by Dr. Suzanne Bober
Do you suffer with foot or heel pain that feels the worst first thing in the morning? Does it affect your gait and limit your running?
You may be suffering from plantar fasciitis – a syndrome in which the plantar fascia, a band of tissue that runs from the heel along the arch of the foot becomes irritated and painful. This strong tight tissue contributes to maintaining the normal arch of the foot. It is also one of the major transmitters of weight across the foot as you walk or run.
It is largely believed that this condition is due to repetitive trauma or microtrauma at the origin of the plantar fascia and is aggravated by the presence of a low arch, also known as overpronation, or a high arch known as oversupination.
Plantar fasciitis afflicts up to 10 per cent of the adult population over the course of a lifetime, and accounts for 15 per cent of all foot complaints requiring professional care. It is common in people with a high body mass index, pregnant women and most commonly, runners.
If you think that you have plantar fasciitis, there are a number of things that you can do to help reduce the pain.
1. Wear supportive shoes
Firstly, make sure that you are wearing a good supportive shoe. As almost 70 per cent of the population overpronate when they stand, walk and run, it is important to ensure that you have adequate arch support in your shoe. It may be necessary to have your gait assessed properly in order to determine if overpronation or oversupination is occurring.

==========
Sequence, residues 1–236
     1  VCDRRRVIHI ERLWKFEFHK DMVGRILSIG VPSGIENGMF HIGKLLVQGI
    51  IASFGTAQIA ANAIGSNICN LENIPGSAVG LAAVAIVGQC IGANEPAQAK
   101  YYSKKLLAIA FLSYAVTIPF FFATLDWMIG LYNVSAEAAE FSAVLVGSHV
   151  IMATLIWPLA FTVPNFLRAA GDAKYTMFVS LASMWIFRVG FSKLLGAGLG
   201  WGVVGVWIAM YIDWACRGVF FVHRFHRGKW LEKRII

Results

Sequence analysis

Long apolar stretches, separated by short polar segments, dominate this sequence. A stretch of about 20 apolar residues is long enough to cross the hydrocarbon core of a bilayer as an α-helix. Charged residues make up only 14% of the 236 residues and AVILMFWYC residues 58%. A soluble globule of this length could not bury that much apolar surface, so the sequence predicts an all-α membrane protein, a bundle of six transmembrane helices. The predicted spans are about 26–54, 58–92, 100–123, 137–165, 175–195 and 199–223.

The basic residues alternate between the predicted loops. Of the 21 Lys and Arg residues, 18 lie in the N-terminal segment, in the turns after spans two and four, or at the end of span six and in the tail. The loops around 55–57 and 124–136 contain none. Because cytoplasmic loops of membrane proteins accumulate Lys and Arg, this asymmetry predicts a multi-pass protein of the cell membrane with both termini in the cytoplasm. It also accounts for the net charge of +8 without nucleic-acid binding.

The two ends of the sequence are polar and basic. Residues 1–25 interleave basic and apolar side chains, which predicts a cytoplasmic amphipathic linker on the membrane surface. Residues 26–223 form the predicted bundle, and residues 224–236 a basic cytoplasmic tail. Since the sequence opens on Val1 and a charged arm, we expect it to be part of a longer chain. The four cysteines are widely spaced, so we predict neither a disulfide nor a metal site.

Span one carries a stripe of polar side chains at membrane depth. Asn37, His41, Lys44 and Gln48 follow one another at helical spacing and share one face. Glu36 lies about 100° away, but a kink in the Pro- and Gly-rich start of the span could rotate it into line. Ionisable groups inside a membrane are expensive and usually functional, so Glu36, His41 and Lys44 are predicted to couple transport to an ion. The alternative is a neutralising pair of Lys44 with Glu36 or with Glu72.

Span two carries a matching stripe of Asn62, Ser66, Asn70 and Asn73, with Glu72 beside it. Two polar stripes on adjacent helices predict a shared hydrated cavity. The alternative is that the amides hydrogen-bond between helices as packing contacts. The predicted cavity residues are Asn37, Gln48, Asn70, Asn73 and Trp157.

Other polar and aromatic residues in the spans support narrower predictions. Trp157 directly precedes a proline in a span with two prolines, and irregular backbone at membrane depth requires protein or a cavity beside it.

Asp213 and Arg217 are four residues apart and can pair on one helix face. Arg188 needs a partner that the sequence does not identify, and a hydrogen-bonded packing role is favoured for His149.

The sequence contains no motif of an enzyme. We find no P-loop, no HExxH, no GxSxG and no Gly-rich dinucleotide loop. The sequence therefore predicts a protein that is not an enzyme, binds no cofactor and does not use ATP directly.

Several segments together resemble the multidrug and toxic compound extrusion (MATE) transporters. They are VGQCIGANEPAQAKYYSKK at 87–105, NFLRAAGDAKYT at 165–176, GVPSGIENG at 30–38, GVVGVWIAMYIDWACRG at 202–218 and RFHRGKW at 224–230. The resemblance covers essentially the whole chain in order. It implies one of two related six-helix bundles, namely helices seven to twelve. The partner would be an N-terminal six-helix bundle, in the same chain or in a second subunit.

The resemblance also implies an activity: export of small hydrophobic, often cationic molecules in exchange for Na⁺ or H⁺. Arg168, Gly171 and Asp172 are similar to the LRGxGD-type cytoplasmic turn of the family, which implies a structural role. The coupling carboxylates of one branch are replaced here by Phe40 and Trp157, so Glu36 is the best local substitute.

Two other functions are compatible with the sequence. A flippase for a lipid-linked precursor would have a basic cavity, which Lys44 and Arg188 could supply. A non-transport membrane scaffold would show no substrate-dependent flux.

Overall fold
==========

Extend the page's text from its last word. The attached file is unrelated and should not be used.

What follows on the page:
2. Try soft tissue massages
Secondly, using a golf ball on the soft tissue on the sole of the foot can help to release tension in the plantar fascia. Sit with the golf ball directly under the foot, and slowly roll the ball on your sole using increasing pressure as you lean into it. Do this first thing in the morning before you take your first step, and this will help to reduce the pain.
3. Try these stretches
Thirdly, it is important to ensure good flexibility of the calf muscles to allow adequate mobility in the ankle joint. Lean into a wall while keeping your heel firmly on the ground and keep your knee straight. You should feel the pull behind your knee. It is important to keep your spine parallel with the wall to get the most benefit from the stretch. To lengthen the deeper muscles of the leg do the same stretch but now bend your knee. You should feel the pull closer to your ankle now. Hold each stretch for 30 to 40 seconds and repeat three to five times on each leg.
These tips will help to reduce the strain on the plantar fascia by supporting the arch, loosening the tension along the sole of the foot, and improving the mobility of the ankle joint. If after using these tips you still have foot or heel pain, you may require custom orthotics and/or manual therapy techniques aimed at further reducing plantar fascia tension and improving joint mobility. Consult your health care provider if the symptoms persist beyond two weeks.